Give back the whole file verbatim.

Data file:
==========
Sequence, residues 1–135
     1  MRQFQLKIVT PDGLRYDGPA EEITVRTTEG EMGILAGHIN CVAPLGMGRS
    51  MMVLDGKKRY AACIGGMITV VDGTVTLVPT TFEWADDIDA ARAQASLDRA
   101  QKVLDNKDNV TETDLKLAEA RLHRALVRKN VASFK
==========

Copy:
Sequence, residues 1–135
     1  MRQFQLKIVT PDGLRYDGPA EEITVRTTEG EMGILAGHIN CVAPLGMGRS
    51  MMVLDGKKRY AACIGGMITV VDGTVTLVPT TFEWADDIDA ARAQASLDRA
   101  QKVLDNKDNV TETDLKLAEA RLHRALVRKN VASFK